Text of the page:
Shade, the Changing Man Vol. 1: The American Scream

Written by Peter Milligan
Penciled by Chris Bachalo
Inked by Mark Pennington
168 pages, color
Published by Vertigo/DC Comics

When the Vertigo line first began in 1993, there were six existing series that had blazed the trails to get there. The “youngest” of the six series was Peter Milligan’s and Chris Bachalo’s Shade, the Changing Man, created by two virtually unknown creators. Now, a decade later, both have gone onto greater fame on a variety of different projects, and Shade, the Changing Man tops far too many “series I’d like to see collected into trade paperbacks” list. With the release of Shade, the Changing Man: The American Scream earlier this year, it’s hopefully the first of many collected volumes of this classic series.

Kathy George has had better days. Her parents were murdered by psychopath Troy Grenzer, and then the police mistakenly killed her boyfriend when they thought he was responsible. As Troy Grenzer’s execution arrives, Kathy fears that she’s starting to truly go mad. Then Troy’s dead body gets inhabited by an alien named Shade from the planet Meta who claims to wield a “madness vest” and is here to defeat the American Scream, and that’s when Kathy understands it all. She is definitely going mad.

When Shade, the Changing Man first debuted back in 1990, it quickly gained a reputation as a series unafraid to tackle a subject. We’re not talking about just the little things like racism and violence. Shade hit the big sacred cows; in a day and age where Milligan’s current storyline in X-Statix had to be altered to no longer have Princess Diana come back from the dead, it’s pretty funny to see this older storyline involving the John F. Kennedy Sphinx materializing throughout Dallas with its riddle, “Who killed JFK?” asked over and over again. Even if you strip away the controversy, though, this collection of Shade is still an exceptionally strong offering. The ideas of the American Scream menacing Earth and the madness stream that Shade and Kathy ride along are good ones, and Milligan is careful to keep Shade from becoming a “weirdness of the week” book with its continuing storylines of the government tracking our heroes, the remnants of Troy’s personality still in his body, and the question of what’s really happening to Shade’s original body. Far cleverer than people remember, Shade, the Changing Man: The American Scream shows a younger Milligan’s writing already full of his now trademark intelligence and crazy ideas.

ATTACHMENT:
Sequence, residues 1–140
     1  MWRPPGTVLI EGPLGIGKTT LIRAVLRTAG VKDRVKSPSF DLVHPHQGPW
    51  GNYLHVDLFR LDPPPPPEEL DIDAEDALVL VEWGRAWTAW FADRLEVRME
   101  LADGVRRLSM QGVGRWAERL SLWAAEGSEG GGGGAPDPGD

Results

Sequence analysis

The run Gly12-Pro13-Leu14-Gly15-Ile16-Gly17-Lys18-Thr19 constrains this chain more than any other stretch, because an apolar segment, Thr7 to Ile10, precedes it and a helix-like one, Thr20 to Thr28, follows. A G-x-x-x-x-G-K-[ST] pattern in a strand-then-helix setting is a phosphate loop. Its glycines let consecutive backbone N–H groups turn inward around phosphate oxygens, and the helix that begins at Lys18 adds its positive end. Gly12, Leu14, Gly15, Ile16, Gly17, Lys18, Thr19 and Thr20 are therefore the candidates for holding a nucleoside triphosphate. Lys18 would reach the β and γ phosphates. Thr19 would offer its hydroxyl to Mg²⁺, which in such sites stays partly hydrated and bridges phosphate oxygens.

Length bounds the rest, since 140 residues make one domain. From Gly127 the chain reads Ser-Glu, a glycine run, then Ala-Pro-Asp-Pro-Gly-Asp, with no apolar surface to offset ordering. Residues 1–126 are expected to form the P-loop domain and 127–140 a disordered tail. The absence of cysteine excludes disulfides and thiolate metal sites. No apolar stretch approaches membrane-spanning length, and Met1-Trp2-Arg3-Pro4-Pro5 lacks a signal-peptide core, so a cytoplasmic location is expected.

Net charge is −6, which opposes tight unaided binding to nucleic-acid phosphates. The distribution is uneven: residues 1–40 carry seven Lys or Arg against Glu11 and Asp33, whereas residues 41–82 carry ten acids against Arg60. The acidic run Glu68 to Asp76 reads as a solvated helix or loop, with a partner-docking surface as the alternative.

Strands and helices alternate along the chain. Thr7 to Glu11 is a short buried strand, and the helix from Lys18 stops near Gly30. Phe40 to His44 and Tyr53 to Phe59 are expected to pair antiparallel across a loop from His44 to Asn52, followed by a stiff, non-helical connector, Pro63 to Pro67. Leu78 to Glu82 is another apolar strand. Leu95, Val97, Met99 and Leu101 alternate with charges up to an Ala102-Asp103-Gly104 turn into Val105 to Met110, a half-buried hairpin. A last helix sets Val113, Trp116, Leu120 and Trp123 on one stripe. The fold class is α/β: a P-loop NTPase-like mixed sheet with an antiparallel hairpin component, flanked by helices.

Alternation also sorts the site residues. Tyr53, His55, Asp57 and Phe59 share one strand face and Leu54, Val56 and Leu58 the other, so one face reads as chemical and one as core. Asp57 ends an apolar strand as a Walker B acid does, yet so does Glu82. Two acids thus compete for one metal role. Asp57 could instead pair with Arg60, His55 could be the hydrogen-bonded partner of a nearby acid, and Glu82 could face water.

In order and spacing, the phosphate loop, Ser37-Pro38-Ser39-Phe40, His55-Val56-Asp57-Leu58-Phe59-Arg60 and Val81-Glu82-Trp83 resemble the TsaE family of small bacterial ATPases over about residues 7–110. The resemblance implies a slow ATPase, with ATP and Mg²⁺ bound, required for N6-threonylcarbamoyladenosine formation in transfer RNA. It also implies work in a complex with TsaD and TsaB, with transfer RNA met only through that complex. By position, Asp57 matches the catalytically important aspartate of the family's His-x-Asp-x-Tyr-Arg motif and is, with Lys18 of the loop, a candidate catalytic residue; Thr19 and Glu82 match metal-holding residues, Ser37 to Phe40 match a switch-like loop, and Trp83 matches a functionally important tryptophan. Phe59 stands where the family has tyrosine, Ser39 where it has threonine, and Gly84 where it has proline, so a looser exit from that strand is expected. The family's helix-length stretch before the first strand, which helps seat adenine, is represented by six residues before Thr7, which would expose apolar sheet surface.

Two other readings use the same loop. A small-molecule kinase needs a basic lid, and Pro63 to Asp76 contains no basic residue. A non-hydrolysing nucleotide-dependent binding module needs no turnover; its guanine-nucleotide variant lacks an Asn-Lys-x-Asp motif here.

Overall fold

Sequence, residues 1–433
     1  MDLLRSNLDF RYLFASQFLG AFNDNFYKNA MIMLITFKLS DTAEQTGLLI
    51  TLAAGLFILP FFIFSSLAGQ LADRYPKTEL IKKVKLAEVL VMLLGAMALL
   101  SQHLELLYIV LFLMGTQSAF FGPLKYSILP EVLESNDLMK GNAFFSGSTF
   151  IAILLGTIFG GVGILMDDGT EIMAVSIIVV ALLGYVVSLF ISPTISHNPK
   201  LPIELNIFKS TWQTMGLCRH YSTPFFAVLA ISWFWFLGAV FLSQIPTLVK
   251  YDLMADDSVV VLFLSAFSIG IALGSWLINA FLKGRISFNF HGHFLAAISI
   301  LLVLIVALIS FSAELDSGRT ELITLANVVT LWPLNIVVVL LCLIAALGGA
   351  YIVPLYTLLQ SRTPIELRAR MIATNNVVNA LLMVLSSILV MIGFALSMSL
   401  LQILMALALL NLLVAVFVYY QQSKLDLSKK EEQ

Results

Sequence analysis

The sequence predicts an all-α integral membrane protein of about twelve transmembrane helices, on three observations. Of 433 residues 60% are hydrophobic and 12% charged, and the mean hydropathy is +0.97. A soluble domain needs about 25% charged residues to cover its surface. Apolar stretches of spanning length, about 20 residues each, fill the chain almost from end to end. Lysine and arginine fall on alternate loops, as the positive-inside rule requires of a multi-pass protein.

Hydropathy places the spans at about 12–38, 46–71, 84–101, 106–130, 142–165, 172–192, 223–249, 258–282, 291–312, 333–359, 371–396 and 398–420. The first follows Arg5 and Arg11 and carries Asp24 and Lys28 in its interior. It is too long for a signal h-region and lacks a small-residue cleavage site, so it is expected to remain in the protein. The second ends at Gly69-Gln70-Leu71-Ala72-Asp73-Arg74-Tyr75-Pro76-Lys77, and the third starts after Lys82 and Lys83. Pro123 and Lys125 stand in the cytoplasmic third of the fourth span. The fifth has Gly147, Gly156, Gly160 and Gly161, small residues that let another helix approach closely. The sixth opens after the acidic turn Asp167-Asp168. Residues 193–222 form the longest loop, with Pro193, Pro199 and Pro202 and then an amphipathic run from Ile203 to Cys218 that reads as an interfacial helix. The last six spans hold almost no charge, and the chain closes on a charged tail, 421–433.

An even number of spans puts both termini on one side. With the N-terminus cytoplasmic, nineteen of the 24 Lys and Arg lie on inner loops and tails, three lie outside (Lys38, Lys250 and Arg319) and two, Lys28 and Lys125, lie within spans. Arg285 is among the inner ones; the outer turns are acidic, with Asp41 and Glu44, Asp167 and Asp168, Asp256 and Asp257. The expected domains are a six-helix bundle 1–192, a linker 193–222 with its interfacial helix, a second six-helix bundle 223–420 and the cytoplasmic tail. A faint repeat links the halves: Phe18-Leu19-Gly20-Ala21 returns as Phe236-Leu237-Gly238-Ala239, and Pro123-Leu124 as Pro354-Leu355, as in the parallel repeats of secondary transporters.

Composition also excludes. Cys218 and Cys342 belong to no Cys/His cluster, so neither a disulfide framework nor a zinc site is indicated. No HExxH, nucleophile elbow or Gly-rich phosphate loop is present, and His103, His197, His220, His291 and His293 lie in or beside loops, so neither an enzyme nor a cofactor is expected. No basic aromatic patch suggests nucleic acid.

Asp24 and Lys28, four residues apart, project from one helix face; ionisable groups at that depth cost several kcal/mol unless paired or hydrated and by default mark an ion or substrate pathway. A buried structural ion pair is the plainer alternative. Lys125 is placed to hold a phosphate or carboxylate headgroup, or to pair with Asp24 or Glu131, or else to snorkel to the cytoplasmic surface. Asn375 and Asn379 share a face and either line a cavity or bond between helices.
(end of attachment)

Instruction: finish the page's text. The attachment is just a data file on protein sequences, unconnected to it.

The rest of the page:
Bachalo’s pencils, coupled with Mark Pennington’s inks, look really nice here. Those who have only seen Bachalo’s most recent art on books like New X-Men and Steampunk might be surprised to find a much more controlled, precise artist on display. Bachalo and Pennington carefully create a group of characters that look realistic, defining their appearance in a pleasant, stylized but still normal way. Then when the madness finally hits, Bachalo’s allowed to really go berserk. It’s the little details that work so well, from the motion squiggles around Shade and Kathy as they lurch through the air in an attempt to fly, to the cacophony of JFK images in the background as Shade and Mary-Ann travel through the Kennedy Sphinx. Madness never looked so appealing. The only thing that makes this book look like it was produced thirteen years ago instead of just now is some of the computer-based coloring; with the technology still in its infancy, Danny Vozzo’s experiments didn’t always replicate on the page as well as he’d hoped, but before long you’ll have forgotten about it entirely.

With the first six issues collected into one volume, Shade, the Changing Man: The American Scream is a fantastic first step in what hopefully will be a continuing journey. Milligan and Bachalo alone stayed together through the first 50 issues, so there’s a lot more madness in store for readers. Even if this is the only collection, though, it’s a trip into the psyche of America that you’ll never regret.

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